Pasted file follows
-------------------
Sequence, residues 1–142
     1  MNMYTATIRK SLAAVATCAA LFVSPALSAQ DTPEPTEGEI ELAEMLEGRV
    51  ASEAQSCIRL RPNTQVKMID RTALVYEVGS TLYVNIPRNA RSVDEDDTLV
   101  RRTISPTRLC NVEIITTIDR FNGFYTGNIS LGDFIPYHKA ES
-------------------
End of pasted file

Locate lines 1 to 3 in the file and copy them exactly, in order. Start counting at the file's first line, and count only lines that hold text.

Sequence, residues 1–142
     1  MNMYTATIRK SLAAVATCAA LFVSPALSAQ DTPEPTEGEI ELAEMLEGRV
    51  ASEAQSCIRL RPNTQVKMID RTALVYEVGS TLYVNIPRNA RSVDEDDTLV